From Russia with LGBT Love

This past summer, President Vladimir V. Putin passed a law that banned “propaganda on nontraditional sexual relationships” officially meant to protect children but known to be an anti-LGBT law. The New York Times asked Russians to send in their stories of being LGBT in Russia and several of those stories were published yesterday. The New York Times received over 400 stories from Russians and Russian-Americans and published 9 accounts from LGBT Russians of different ages, genders, and socioeconomic backgrounds. Many of the accounts said that the psychological affects on their lives the law has caused has led many to strongly consider leaving the country. Many of the younger Russians spoke of the importance of the Internet in finding other LGBT individuals in Russia and feeling less isolated.

A few of the accounts spoke of coming out to friends and family and the mixed reactions; some positive and supportive, others homophobic. One account from a gay man in a relationship spoke of a false marriage with a lesbian friend in order to hide their true relationships with other people of the same sex. One woman said she and her partner had decided to wait to have children given the political climate. One account spoke of St. Petersburg becoming less tolerant.

Given all this negative press about the new law and the upcoming Sochi Olympics, is it likely more LGBT Russians will have no alternative but to leave their country if the political climate doesn’t improve? What can the US and other countries do to show their support of LGBT individuals around the world?


Russia and Religion

Today in class, we had a very interesting discussion about Russia and religion.  Basically, throughout its entire history, Russia’s relationship to religion has been extreme, almost bipolar.  In tsarist Russia, the Russian Orthodox Church was the only acceptable religion, due to its strong link with the tsar. During this time, Jewish people were heavily persecuted in the pogroms.

After the Russian Revolution of 1917, the Communist Party made atheism the official belief system of the Soviet Union.  This was based off Marxism, which taught that religion was “the opiate of the masses.”  At this time, the Russian Orthodox Church (ROC) was forced to go underground.  Churches could only be open if a KGB officer was present at Mass. People of all faiths were persecuted during the USSR.

Then, in the early 1990s, with the collapse of the Soviet Union, the Russian Orthodox Church made a comeback, this time in an even more conservative form.  Only religions with official historical significance to Russia were considered legitimate:  Russian Orthodoxy, Judaism, and Islam.  Protestant Christianity has one of the worst receptions in Russia, as the ROC believes Protestants are seeking to convert their parishioners.  It is common for Protestant churches to be shut down.  According to the Forum 18 News Service, a Norwegian organization that reports nation’s violations of religion freedoms, Jehovah’s Witnesses are frequently targeted in Russia.  Jehovah’s Witnesses are often denied freedom of worship, and there is a movement to ban their texts.   Another symptom of Russia’s religious extremism is the rights of LBGT Russians being taken away.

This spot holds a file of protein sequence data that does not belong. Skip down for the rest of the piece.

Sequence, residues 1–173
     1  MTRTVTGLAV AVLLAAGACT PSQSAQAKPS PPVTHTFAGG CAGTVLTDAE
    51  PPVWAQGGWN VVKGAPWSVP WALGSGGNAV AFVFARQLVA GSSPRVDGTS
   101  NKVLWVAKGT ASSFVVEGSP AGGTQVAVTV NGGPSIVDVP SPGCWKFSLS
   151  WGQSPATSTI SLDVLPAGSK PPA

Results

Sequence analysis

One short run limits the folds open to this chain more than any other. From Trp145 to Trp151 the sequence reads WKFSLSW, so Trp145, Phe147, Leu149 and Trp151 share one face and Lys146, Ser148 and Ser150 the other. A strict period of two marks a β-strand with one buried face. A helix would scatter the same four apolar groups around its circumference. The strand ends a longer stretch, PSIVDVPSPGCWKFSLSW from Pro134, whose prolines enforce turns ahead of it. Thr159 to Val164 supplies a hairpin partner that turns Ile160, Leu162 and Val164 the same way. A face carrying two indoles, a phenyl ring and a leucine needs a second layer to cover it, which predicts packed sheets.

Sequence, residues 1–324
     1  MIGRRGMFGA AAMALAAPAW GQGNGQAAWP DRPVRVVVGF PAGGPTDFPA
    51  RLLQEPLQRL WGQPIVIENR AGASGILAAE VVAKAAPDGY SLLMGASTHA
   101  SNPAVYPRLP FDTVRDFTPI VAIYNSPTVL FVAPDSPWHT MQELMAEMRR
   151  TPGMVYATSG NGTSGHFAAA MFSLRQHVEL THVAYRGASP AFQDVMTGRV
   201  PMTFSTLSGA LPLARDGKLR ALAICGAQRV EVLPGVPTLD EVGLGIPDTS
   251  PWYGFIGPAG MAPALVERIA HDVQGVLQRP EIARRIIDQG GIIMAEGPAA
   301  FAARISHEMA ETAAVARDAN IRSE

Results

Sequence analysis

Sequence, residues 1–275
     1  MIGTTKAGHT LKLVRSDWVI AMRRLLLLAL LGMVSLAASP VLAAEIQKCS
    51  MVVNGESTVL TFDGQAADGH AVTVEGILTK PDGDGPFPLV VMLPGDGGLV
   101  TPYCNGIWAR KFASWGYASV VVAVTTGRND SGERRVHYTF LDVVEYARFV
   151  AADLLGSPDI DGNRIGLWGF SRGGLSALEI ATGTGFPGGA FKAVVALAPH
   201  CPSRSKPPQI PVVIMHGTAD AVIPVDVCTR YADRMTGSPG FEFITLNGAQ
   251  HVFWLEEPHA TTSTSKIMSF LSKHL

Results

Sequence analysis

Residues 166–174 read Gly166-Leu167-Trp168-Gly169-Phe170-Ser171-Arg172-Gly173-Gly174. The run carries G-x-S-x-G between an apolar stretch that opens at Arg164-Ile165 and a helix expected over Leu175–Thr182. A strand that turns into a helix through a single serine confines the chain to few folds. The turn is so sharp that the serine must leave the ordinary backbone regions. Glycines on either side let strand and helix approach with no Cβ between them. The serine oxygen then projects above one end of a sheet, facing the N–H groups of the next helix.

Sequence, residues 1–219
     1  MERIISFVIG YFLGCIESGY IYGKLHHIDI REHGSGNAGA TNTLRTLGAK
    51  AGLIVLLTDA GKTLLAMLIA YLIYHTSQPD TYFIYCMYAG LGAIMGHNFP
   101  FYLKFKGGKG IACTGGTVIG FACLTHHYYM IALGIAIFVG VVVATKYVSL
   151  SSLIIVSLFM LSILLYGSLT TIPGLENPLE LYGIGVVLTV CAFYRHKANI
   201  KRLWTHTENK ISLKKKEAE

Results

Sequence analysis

Basically, Russia has existed in a pattern of a religion dominating and then persecuting the other religions. This can be seen as a symptom of the religious trauma Russia has faced.  To suddenly turn from a Russian Orthodox, to an atheist, back to an Orthodox state again in less than 100 years must be traumatic for Russian citizens.  The government needs to realize religious freedom should be extended to all.  Once religious freedom is given, gay rights will hopefully follow. Sadly, ideas such as tolerance and equality cannot be taught.

LGBT Rights Activists Protest Metropolitan Opera Opening Night

On September 23rd, The Metropolitan Opera held its Russian-themed opening gala. The opening was for a piece by Tchaikovsky entitled, “Eugene Onegin”. The activists who protested the opening night gala deplored the recent antigay laws in Russia signed by President Vladimir Putin. The protest against the Met begin when a openly gay composer, Andrew Rudin started an online petition for the Met to dedicate it’s Russian-themed performance to gay rights and the LGBT community in Russia. The petition has been signed by over 9,000 people and spoke of the irony that the work of Tchaikovsky, who was also a gay composer, was being performed by artists who supported a government that had passed anti- LGBT laws.

More interviews with the principal artists and the general manager of the Met can be found in this article:

Does the Metropolitan have the right to perform a Russian piece without any political undertones? Is it ethical to perform the works of a gay Russian composer without acknowledging the suffering of the Russian LGBT community? Russia is not only denying the evidence that one of its greatest artists was a homosexual but also denying human rights to Russian citizens who identify as homosexual or transgender. Should the Met use its cultural significance to denounce antigay legislation? Can culture and politics be truly separate when human rights are at stake?